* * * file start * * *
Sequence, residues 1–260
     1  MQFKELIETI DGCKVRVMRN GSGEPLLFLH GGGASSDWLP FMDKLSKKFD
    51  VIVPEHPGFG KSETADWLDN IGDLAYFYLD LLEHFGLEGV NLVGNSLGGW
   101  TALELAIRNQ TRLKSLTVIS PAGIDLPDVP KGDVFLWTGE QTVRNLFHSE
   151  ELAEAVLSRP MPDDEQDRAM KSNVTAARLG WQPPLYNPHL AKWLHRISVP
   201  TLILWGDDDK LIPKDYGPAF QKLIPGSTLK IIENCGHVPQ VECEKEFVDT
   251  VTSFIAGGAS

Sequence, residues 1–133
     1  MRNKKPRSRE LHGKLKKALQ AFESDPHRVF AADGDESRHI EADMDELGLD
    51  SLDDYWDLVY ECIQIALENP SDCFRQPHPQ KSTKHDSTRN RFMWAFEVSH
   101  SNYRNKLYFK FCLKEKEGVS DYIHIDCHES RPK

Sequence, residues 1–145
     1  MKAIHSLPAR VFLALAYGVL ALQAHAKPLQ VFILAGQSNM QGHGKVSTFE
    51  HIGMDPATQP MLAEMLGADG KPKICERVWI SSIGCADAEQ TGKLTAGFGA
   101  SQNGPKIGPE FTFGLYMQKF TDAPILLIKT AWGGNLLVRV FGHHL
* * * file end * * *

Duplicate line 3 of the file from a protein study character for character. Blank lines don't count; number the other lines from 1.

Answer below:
    51  VIVPEHPGFG KSETADWLDN IGDLAYFYLD LLEHFGLEGV NLVGNSLGGW